Are the Grammys Rigged? Awards Show Voting Process Leaves a Lot to Be Desired
It's February, and the month is not just about Valentine's Day — it's awards season for the music and film industry, and first up is the 58th annual Grammy Awards on Monday. The event will feature a surplus of talented artists, both up for awards and slated for performances during the broadcast.
However, the Grammys have drawn the ire of fans and critics in the industry for an admittedly confusing voting process. While there's little to no evidence to suggest it's outright rigged by any means, the system has its fair share of flaws, and could use some retooling to properly award the artists that should be given their due, according to Slate.
The full details of the Grammys' voting process can be found on their official website, but the SparkNotes version goes as follows: It is a tiered system with more than 150 experts in various fields in the industry comb through the submissions, and are allowed to vote in up to 20 categories, in addition to the four general field categories (best new artist, record of the year, song of the year, album of the year).
However, there have been longstanding criticisms with the intricacies of the voting itself, as well as the unconventional time frame for songs and albums to warrant consideration. For example, while Adele's 25 was a resounding success, it did not fit within this year's eligibility, which was from Oct. 1, 2014, to Sept. 30, 2015, according to the Mirror.
Furthermore, because the experts are allowed to choose up to 20 categories, it means artists, producers and the like are, technically, allowed to vote for specific genres outside their area of expertise. For example, someone with a background in R&B could vote on the best country album of the year, even though they might not have any real merits toward doing so.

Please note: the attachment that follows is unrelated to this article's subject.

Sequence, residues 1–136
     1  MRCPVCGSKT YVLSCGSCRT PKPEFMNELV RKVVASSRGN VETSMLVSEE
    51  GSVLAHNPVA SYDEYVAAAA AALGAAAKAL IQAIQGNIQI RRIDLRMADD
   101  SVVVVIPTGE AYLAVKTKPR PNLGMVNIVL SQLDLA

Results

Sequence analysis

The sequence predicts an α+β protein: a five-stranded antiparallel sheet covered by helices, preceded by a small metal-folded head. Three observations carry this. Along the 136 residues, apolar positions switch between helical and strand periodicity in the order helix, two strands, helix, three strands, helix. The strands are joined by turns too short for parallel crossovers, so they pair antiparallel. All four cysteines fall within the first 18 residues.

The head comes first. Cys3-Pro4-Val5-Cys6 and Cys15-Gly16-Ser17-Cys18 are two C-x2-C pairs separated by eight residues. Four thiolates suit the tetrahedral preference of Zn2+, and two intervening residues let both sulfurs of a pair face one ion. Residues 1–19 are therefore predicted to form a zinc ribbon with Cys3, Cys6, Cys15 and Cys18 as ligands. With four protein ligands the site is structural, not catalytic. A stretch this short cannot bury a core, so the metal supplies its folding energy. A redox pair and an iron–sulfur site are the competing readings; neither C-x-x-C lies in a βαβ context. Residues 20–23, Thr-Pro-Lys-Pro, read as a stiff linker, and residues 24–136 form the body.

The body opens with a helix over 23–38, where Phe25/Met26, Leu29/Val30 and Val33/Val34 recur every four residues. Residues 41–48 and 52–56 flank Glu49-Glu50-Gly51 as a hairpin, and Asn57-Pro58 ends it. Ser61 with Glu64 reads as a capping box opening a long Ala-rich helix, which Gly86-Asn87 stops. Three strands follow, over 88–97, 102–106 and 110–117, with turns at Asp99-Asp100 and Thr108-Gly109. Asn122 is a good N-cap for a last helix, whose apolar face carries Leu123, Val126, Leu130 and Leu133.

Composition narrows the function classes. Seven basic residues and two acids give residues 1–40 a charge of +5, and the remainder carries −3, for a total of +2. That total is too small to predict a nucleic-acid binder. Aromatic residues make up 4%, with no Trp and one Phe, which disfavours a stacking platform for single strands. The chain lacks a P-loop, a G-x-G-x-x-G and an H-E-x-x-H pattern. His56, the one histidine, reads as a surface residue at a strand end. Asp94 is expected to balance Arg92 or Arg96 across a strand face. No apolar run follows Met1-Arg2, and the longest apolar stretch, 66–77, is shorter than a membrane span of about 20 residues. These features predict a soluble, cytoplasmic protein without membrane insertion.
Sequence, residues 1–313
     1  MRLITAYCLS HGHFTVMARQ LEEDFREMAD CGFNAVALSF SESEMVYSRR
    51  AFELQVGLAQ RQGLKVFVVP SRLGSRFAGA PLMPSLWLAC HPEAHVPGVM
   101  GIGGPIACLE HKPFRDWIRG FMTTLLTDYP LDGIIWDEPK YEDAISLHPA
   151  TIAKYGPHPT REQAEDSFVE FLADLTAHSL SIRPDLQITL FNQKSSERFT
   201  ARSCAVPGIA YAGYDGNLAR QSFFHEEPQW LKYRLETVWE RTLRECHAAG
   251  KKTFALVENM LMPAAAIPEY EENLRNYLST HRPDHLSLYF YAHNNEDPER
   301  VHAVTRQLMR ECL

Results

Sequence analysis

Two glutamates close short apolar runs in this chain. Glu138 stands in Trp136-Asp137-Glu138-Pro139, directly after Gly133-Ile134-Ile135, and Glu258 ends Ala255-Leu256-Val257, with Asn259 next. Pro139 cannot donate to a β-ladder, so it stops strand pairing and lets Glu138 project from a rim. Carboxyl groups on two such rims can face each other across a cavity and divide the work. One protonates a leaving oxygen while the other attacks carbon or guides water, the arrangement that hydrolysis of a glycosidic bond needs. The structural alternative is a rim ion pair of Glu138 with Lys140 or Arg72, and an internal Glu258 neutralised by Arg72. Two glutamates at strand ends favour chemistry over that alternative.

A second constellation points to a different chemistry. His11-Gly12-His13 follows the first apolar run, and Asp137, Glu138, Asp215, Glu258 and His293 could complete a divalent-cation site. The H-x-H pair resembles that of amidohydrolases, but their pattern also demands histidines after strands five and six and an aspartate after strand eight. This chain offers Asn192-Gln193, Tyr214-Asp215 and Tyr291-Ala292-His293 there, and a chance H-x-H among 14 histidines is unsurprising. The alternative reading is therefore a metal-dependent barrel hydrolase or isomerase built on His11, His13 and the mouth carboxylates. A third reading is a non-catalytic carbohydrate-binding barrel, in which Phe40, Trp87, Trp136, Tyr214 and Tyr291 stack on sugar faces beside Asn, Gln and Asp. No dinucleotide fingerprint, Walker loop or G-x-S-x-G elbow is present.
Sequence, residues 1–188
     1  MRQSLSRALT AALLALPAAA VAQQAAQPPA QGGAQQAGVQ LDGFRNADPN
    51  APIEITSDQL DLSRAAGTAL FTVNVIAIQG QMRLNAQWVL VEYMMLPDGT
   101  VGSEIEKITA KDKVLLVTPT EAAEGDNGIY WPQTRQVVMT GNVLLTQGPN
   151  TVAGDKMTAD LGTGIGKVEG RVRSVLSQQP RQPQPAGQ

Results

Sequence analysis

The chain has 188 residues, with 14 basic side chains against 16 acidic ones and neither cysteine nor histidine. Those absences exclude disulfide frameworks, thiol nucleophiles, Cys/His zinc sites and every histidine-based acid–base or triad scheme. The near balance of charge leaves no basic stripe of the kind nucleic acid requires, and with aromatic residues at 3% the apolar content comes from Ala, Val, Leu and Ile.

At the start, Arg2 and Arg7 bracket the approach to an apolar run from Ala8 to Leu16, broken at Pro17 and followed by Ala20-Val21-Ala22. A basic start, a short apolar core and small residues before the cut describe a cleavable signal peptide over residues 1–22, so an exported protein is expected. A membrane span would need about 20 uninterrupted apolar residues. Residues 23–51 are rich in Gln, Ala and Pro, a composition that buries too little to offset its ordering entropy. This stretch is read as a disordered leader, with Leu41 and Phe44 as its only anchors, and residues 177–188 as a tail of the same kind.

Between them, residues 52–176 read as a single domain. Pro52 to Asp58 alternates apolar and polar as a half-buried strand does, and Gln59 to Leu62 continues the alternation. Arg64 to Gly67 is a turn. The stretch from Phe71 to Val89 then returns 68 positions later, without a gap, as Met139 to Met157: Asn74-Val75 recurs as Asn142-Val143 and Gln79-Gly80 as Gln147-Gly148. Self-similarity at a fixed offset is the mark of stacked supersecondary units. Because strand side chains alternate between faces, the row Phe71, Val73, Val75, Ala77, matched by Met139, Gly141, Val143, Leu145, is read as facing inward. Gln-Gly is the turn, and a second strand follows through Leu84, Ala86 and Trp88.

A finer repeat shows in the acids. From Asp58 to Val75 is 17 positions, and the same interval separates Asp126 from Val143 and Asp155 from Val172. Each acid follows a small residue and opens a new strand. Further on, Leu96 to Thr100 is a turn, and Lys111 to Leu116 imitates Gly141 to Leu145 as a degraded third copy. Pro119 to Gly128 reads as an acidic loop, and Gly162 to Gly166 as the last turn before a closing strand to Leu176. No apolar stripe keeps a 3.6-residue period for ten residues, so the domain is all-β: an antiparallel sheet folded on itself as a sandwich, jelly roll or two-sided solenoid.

"Bottom line: the vast majority of the nominations are chosen by people who have little real expertise in a given field," Rob Kenner — a voting member of the Recording Academy — wrote for Complex. "I refrained from voting in heavy metal and classical because I know very little about those genres. But I could have if I wanted to, and that strikes me as a problem."
The other issue with the voting process is how albums are specifically set into a genre. While some albums and songs undoubtedly fall into a specific genre, there are noteworthy exceptions that can spew into several fields. For example, Iggy Azalea's début album, The New Classic, was nominated for Best Rap Album, in addition to the track "Fancy" off the album for Best Pop/Duo Group Performance. How would that be possible? It's an arbitrary decision, which voters call the "51% rule."
"Without getting too far into it, we have what's called the '51% rule,'" Jeriel Johnson — project manager of Urban Music, for the Recording Academy — said in an interview with Urban Network Digital. "If an artist is rapping on 51% or more of an album, it's considered a rap album. With that said, I'd ask the community... 'Can you disagree that Iggy's rapping on 51% or more of her album?' Now whether or not you think she should win — my response is going to be that you should vote your voice."
Broadly, the Grammys get it right more often than they don't. It's just that the glaring omissions garner significant attention, such as Lionel Richie's 1985 best album win for Can't Slow Down over Bruce Springsteen's Born in the U.S.A. and Prince's Purple Rain. Perhaps the best way to avoid any Grammys controversy is to just keep your name in the spotlight — by any means.
"Because the voting base is large and semi-unregulated, the absolute best way to win a Grammy is to gain enough name recognition that the voters will know you by reputation and check off your name," Kelsey McKinney wrote for Vox. " ... A genuinely great, deep genre album will struggle to win on quality alone, because so many of the people voting in your category won't have a deep knowledge of your genre."